The average cost to review a single document is between $8 and $12. A typical enterprise lawsuit involves 100,000 files. Do the math: the cost just to collect evidence – only the first phase of the lawsuit – is between $800,000 and $1.2 million. Ultimately, the files that are not needed for the lawsuit can be culled (or deleted), but not without first going through the review process.
As you might expect, finding and reviewing all those files to produce to opposing counsel is the most laborious part of the process. It accounts for about half the time and money companies spend on eDiscovery. And attorneys know there’s probably only one or a handful of files that will be the “smoking gun,” to prove which side is right and which side is wrong, that one file that makes or breaks the case, so finding that needle in the haystack is imperative.
Imagine if your organization could deliver to legal counsel only those documents that they know are relevant, before the attorneys even review the files? The Aparavi Platform allows your in-house team to carefully curate documents before sending them to your outside counsel for review, eliminating potentially thousands or millions of dollars in processing, hosting, and review fees. In addition, you can preemptively withhold or redact privileged information without exposing the data to additional security risks built into the transportation of data, because those documents can remain searchable within your existing storage solutions.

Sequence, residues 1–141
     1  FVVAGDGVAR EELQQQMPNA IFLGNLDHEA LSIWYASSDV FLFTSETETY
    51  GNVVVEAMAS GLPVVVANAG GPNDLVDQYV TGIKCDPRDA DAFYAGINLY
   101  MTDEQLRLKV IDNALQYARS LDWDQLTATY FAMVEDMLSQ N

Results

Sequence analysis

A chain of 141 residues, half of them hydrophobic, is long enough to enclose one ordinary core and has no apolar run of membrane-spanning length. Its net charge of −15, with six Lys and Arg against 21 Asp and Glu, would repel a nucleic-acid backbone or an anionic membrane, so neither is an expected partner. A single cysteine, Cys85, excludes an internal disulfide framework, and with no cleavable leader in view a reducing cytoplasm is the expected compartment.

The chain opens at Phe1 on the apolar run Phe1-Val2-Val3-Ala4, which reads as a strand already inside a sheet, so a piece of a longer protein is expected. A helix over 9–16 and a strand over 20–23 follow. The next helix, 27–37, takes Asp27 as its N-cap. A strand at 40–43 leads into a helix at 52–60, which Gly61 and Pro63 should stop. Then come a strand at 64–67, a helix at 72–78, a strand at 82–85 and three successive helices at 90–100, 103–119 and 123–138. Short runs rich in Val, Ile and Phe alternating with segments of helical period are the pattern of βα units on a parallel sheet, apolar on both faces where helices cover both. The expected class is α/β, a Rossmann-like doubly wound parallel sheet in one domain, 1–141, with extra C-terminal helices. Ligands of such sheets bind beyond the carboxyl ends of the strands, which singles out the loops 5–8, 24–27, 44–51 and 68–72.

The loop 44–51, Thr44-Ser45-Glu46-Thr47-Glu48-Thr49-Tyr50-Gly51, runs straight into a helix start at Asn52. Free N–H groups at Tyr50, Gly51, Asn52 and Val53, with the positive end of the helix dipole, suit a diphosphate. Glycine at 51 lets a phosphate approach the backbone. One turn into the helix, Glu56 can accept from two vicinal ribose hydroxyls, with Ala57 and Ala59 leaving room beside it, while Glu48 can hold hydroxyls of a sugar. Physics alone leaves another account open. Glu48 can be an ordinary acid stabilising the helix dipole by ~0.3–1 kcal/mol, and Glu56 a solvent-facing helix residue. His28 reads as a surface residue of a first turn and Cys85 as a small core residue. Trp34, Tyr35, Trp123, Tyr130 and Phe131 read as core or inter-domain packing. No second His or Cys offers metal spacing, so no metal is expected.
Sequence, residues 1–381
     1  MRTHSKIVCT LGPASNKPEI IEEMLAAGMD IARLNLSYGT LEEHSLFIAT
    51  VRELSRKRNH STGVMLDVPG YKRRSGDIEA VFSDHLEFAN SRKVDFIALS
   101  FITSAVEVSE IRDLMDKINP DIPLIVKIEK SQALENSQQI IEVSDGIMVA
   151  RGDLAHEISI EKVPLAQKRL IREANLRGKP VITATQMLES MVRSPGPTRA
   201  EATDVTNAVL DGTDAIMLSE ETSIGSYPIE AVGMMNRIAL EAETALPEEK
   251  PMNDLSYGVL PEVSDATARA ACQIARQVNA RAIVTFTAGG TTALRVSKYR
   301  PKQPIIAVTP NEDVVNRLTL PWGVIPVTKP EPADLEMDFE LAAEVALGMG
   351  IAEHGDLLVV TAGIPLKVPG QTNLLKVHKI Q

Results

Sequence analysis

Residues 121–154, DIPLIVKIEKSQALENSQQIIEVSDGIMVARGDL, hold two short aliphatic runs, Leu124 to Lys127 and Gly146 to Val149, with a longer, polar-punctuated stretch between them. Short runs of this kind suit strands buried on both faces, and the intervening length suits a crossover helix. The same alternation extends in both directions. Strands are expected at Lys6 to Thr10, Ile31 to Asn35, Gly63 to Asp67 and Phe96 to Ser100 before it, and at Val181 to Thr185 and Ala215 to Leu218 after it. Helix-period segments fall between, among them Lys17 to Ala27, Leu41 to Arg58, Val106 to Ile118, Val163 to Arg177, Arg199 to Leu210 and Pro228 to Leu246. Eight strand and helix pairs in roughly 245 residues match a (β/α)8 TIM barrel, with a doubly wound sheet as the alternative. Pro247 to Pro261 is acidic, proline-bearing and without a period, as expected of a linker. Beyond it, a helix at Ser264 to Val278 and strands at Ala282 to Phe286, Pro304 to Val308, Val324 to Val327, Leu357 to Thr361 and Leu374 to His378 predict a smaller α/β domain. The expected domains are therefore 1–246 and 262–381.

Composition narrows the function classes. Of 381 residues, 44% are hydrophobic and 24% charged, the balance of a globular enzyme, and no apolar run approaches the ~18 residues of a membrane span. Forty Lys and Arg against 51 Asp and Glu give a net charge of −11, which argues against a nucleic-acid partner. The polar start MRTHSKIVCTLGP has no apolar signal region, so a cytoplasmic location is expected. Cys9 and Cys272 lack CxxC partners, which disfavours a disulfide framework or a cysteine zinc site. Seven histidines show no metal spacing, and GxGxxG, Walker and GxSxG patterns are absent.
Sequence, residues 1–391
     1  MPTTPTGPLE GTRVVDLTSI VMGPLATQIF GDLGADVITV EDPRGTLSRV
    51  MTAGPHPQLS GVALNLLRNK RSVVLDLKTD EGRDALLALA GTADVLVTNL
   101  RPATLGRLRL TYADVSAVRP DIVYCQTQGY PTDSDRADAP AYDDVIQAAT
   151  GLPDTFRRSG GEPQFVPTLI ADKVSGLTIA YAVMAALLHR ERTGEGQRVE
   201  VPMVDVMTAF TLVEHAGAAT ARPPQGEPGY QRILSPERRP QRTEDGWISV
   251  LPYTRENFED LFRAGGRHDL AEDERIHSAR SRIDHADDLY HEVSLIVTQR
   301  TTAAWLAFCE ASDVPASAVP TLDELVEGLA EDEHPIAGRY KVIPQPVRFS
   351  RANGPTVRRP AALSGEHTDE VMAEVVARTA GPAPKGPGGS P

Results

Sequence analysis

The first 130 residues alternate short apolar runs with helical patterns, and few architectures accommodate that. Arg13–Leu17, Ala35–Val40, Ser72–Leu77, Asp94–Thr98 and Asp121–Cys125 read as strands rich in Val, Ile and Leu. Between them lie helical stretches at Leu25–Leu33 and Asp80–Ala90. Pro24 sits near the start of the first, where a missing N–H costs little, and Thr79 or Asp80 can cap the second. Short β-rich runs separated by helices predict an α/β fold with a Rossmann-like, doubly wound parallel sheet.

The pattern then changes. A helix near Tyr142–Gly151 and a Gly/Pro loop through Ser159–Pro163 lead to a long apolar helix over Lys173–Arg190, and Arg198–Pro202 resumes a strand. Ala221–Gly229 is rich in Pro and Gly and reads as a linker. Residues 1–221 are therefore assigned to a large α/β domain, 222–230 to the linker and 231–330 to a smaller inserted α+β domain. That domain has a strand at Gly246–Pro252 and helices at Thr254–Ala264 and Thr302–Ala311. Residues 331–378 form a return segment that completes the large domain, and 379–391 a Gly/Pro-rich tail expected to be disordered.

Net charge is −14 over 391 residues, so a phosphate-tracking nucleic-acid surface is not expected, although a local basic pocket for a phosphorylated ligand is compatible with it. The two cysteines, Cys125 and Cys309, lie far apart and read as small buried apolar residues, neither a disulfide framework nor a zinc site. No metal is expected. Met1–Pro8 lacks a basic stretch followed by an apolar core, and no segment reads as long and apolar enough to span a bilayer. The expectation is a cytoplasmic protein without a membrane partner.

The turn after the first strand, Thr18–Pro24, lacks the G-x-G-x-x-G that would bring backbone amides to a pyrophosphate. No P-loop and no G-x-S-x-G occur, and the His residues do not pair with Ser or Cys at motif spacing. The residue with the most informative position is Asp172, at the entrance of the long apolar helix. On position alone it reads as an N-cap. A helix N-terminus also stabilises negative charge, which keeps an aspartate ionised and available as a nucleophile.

The Aparavi Platform can also be used to understand the strength of your case prior to litigation. If you find the smoking gun in your data before the discovery phase even starts, you may decide to settle the lawsuit before spending massive amounts of time, internal resources and money on litigation. Perhaps you are conducting an internal investigation – the ability to access and search all of your data can allow your organization to quickly conclude the investigation at a low cost.
Both of these examples require accessing, searching, and classifying data for regulatory compliance or legal purposes, to make meaningful insights.
Aparavi provides the tools for categorizing metadata and creating an index of all files. With access to an index, you will finally be able to create meaningful insights by scanning, identifying, classifying, tagging, filtering, and reporting your data, and ultimately creating rules for how to treat certain classifications of files so these practices can be carried out automatically.
With these insights, you’ll be able to discern smoking guns from red herrings. You’ll know what data has to be protected from cyber-related threats according to the SEC. You’ll know which data has no value to the organization and can be deleted, or which cold files can be removed from primary storage to a cheaper archiving solution.
The needs may vary, but the answer is the same – know your data.
For more information about how Aparavi can help with regulatory compliance and legal discovery, check out our on-demand webinar “Best Practices in Data Governance and Legal Use Cases.”